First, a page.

131. Jeanrenaud X, Maeder E, Del Pozo E, Felber JP. Effect of an enkephalin-analogue (FK 33-824) on glucose tolerance in man. Acta Endocrinologica 104: 85–90, 1983PubMedGoogle Scholar
  132. Jones GR, Lazarus JH, Davies CJ, Greenwood RH. The effect of short term lithium carbonate in Type II diabetes mellitus. Hormone Metabolic Research 15: 422–424, 1983Google Scholar
  133. Joplin GF, Fraser R, Keeley KJ. Prednisone-glycosuria test for prediabetes. Lancet 2: 67–70, 1961PubMedGoogle Scholar
  134. Jung CY, Mookerjee BK. Inhibitory effect of frusemide on glucose transport. Journal of Laboratory Clinical Medicine 87: 960–966, 1976Google Scholar
  135. Kadowaki T, Miyake Y, Hagura R, Akanuma Y, Kajinuma H, et al. Risk factors for worsening to diabetes in subjects with impaired glucose tolerance. Diabetologia 26: 44–49, 1984PubMedGoogle Scholar
  136. Kannel WB, McGee DL. Diabetes and glucose tolerance as risk factors for cardiovascular disease: the Framingham Study. Diabetes Care 2: 120–126, 1979PubMedGoogle Scholar
  137. Kaplan JM, Mass JW, Pixley JM, Ross WD. Use of imipramine in diabetics. Journal of the American Medical Association 174: 511–517, 1960PubMedGoogle Scholar
  138. Keen H, Jarrett RJ, McCartney M. The ten-year follow-up of the Bedford Survey (1962–1972): glucose tolerance and diabetes. Diabetologia 22: 73–78, 1982PubMedGoogle Scholar
  139. Keeney EL. The condition of asthmatic patients after daily longterm corticosteroid treatment. Arizona Medicine 21: 463–469, 1964PubMedGoogle Scholar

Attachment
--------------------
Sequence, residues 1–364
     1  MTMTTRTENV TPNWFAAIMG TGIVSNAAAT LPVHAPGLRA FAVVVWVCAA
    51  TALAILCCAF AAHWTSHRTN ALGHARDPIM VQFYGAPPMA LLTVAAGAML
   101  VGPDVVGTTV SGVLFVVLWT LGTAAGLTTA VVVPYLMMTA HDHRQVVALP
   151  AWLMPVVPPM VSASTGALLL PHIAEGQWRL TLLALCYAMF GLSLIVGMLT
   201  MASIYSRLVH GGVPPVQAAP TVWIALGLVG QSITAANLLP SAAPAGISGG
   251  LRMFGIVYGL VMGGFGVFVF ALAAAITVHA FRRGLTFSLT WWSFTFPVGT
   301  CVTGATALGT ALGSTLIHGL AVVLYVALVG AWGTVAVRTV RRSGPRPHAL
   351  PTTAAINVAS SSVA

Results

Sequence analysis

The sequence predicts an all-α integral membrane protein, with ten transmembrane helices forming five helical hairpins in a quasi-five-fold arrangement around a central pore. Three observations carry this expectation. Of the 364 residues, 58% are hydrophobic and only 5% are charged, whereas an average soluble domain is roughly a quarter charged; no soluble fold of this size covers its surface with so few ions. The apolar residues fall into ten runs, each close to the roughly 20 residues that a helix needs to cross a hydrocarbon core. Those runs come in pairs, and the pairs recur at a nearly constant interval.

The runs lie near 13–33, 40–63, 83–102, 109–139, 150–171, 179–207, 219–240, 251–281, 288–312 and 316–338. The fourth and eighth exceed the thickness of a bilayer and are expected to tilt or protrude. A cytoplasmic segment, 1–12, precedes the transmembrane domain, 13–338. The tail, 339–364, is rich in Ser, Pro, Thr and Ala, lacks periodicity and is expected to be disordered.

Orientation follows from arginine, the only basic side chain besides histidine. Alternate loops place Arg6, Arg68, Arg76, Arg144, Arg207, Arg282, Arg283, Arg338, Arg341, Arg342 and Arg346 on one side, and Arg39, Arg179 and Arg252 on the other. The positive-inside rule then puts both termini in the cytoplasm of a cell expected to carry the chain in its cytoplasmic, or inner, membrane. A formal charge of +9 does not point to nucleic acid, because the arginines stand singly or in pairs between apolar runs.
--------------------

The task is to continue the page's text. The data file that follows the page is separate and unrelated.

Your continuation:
140. Kessler I. Mortality experience of diabetic patients. American Journal of Medicine 51: 715–724, 1971PubMedGoogle Scholar
  141. King H, Zimmet P, Raper LR, Balkau B. The natural history of impaired glucose tolerance in the micronesian population of Nauru: a six-year follow-up study. Diabetologia 26: 39–43, 1984PubMedGoogle Scholar
  142. Kizer JS, Vargas-Cordon M, Brendel K, Bressler R. The in-vitro inhibition of insulin secretion by diphenylhydantoin. Journal of Clinical Investigation 49: 1942–1948, 1970PubMedGoogle Scholar
  143. Kluft C, Preston FE, Malia RG, Bertina RM, Wijngaards G, et al. Stanozolol-induced changes in fibrinolysis and coagulation in healthy adults. Thrombosis and Haemostasis 51: 157–164, 1984PubMedGoogle Scholar
  144. Kolterman OG, Gray RS, Griffin J, Burstein P, Insel J, et al. Receptor and postreceptor defects contribute to the insulin resistance in noninsulin-dependent diabetes mellitus. Journal of Clinical Investigation 68: 957–969, 1981PubMedGoogle Scholar
  145. Konttinen A, Kuisma I, Ralli R, Pohjola S, Ojala K. The effect of gemfibrozil on serum lipids in diabetic patients. Annals of Clinical Research 11: 240–245, 1979PubMedGoogle Scholar
  146. Korhonen T, Uusitupa M, Voutilainen E, Sarlund H, Laakso M, et al. Lack of effect of hepatic enzyme induction on metabolic control in patients with Type 2 (non-insulin-dependent) diabetes. Clinical Pharmacology and Therapeutics 41: 633–638, 1987PubMedGoogle Scholar
  147. Kotier MN, Berman L, Rubenstein AH. Hypoglycaemia precipitated by propranolol. Lancet 2: 1389–1390, 1966Google Scholar
  148. Krolewski AS, Czyzyk A, Janeczko D, Kopczynski J. Mortality from cardiovascular diseases among diabetics. Diabetologia 13: 345–350, 1977PubMedGoogle Scholar
  149. Lahtela JT, Gachalyi B, Eksymä S, Hämäläinen A, Sotainiemi EA. The effect of liver microsomal enzyme inducing and inhibiting drugs on insulin mediated glucose metabolism in man. British Journal of Clinical Pharmacology 21: 19–26, 1986PubMedGoogle Scholar